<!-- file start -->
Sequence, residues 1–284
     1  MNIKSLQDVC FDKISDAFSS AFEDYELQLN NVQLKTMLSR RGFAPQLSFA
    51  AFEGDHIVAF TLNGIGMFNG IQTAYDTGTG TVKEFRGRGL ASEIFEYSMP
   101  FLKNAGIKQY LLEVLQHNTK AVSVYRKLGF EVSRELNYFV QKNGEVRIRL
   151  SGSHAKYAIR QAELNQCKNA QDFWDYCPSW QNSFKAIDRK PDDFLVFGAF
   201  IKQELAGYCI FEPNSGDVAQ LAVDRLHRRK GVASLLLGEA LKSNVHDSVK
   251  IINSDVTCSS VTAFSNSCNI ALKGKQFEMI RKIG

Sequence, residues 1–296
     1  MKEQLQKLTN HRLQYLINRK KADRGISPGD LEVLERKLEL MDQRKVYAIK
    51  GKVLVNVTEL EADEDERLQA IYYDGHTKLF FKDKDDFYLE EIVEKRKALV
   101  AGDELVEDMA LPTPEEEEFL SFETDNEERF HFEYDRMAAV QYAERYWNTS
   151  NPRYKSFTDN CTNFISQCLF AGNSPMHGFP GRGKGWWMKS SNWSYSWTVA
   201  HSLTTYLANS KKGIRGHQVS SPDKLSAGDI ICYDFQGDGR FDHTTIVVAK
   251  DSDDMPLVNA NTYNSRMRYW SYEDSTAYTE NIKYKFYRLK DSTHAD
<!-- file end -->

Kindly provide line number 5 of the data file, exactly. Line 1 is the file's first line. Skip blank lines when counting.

   151  SGSHAKYAIR QAELNQCKNA QDFWDYCPSW QNSFKAIDRK PDDFLVFGAF